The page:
3.1.2. Oral Soft Tissue Alterations

Other oral abnormalities often found in CKD patients concern oral soft tissue. Often CKD patients in more advanced stages present a normochromic and normocytic anemia, mainly due to a deficit in the production of erythropoietin and to a reduction in the half-life of red blood cells. The anemia is at the basis of the characteristic pallor of the mucous membranes which is often observed in CKD patients [47].
Moreover, a clinical condition known as uremic stomatitis may be encountered in ESRD patients. This is an oral complication of unknown etiology which is relatively uncommon [43,46,48]. Clinically, uremic stomatitis is characterized by the presence of erythematous lesions in the oral cavity, which can be localized or generalized. These lesions are covered with a pseudomembranous exudate that can be removed, leaving an intact or ulcerated mucosa [45]. Uremic stomatitis is determined by lesions that often heal spontaneously, but in order to promote their healing, the treatment with a mildly acidic rinse, such as 10% hydrogen peroxide, appears to be effective [43].

3.1.3. Dental Tissue Alterations

In the presence of CKD, it is possible to observe anomalies in the teeth. A sign frequently encountered in CKD patients is enamel hypoplasia. It mainly associated with the alteration of calcium-phosphorus metabolism [48]. Hypoplasia of the dental enamel is a pathological condition characterized by the lack of development of the dental enamel, which therefore presents a quantitative deficit and a reduced thickness. A patient suffering from enamel hypoplasia experiences problems not only of an aesthetic nature, but this pathological condition can also represent an important risk factor for the development of more serious oral diseases [47]. Dental enamel health is deeply affected by a patient’s nutritional status. Vitamin D, calcium, vitamin A deficiency and the present of PEW have been associated with enamel hypoplasia, conditions which also lead to increased susceptibility to tooth decay [49]. Enamel hypoplasia is a condition that is often found in CKD pediatric patients. In fact, a prolonged deficiency of vitamin A, vitamin D and calcium during the development of the teeth can lead to an enamel atrophy and a dentin defective apposition and calcification [49]. In particular, Bawden et al. hypothesized that a hypovitaminosis D leads to an inadequate transport of calcium, useful for the dental tissues’ development [50]. Vitamin D deficiency affects the structure of the teeth, and it delays their physiological eruption. In the presence of vitamin D deficiency, the teeth are microscopically characterized by an extended layer of predentin, by the presence of interglobular dentin, and by enamel imbalance formation [51]. In CKD adult patients, on the other hand, hypovitaminosis D can lead to the narrowing or the calcification of the pulp chamber [35].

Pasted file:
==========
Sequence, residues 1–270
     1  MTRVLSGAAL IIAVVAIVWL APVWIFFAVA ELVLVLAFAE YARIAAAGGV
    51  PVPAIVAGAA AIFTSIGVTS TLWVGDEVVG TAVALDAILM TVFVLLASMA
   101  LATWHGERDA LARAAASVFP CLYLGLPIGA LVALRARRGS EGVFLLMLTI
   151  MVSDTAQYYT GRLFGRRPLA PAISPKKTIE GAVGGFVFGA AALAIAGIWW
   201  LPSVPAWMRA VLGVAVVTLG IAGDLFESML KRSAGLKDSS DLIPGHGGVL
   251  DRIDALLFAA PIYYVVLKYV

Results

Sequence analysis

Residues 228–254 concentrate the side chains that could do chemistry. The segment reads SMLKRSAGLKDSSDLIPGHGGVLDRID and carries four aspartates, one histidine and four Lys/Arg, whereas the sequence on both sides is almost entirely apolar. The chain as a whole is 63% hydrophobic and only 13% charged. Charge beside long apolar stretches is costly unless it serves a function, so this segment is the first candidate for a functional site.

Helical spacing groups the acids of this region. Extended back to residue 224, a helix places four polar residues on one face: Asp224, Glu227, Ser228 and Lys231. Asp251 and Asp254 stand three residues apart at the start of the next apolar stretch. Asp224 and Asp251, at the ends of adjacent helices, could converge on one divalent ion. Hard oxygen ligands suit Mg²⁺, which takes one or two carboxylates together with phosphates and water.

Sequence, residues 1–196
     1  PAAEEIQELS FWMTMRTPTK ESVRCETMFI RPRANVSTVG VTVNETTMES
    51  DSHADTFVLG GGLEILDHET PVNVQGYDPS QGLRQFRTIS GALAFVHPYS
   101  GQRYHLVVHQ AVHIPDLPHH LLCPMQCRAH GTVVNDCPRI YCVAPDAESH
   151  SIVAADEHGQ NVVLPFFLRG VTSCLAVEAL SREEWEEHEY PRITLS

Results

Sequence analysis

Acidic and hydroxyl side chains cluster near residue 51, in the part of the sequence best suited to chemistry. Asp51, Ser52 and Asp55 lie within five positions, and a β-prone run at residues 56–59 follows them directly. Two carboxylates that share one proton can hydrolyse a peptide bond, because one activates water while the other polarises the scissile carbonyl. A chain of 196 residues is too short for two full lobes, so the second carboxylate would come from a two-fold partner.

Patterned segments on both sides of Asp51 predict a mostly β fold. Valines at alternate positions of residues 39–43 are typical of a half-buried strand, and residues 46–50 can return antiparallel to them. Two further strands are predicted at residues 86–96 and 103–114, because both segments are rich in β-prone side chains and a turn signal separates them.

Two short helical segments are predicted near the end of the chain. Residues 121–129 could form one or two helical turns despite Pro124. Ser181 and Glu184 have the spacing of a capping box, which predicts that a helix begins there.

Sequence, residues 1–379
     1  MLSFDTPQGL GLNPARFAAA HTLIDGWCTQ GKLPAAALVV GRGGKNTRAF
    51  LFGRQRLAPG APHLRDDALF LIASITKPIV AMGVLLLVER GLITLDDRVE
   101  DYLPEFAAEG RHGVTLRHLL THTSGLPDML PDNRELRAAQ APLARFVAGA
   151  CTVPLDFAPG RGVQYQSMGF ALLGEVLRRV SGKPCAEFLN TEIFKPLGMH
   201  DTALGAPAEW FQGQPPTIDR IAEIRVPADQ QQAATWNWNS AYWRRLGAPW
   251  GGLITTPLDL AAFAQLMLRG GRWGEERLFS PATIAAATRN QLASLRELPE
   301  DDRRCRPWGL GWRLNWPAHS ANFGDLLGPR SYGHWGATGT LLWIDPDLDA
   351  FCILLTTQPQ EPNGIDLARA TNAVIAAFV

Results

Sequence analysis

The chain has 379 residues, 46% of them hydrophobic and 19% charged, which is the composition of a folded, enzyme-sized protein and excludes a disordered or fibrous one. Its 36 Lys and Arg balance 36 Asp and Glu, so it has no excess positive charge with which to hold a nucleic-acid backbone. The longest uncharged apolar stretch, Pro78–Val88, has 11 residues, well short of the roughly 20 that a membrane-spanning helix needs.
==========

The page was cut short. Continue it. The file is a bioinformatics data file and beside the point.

Currently, there is no unambiguous consensus regarding the increased risk of developing dental caries in CKD patients [44]. A potential antibacterial effect was, in fact, attributed to the increase in salivary pH, due to the hydrolyzation of urea by saliva, suggesting its protective action against caries [47]. In contrast, non-carious tooth loss is more prevalent in CKD patients than in the general population. This loss can be induced by uremic gastritis and by gastro-esophageal reflux, which often occur in ESRD patients, and which can be responsible for tooth erosion [35].

3.1.4. Oral Bone Tissue Alteration

In CKD patients, further alterations of the oral cavity are linked to the alteration of calcium–phosphorus metabolism, vitamin D abnormal metabolism and compensatory hyperplasia of parathyroid, causing the development of CKD-mineral and bone disorder (CKD-MBD) [35]. At the oral cavity level, CKD-MBD is characterized by demineralization of the alveolar bone, reduction of trabecular bone, decrease of cortical bone thickness, metastatic calcifications of soft tissues, fibrocystic lesions, lytic bone areas, fracture of the jaw (spontaneous or after dental procedures), by abnormal bone healing after an extraction and, sometimes, by tooth mobility secondary to bone substance loss [47].

3.2. Effects of Renal Replacement Therapy on Oral Health

In addition to oral changes due to comorbidities related to CKD and CKD itself, other anomalies in the oral cavity can be induced by RRTs, such as dialysis (hemodialysis-HD and peritoneal dialysis) and kidney transplant.

3.2.1. Oral Alteration in Dialysis Patients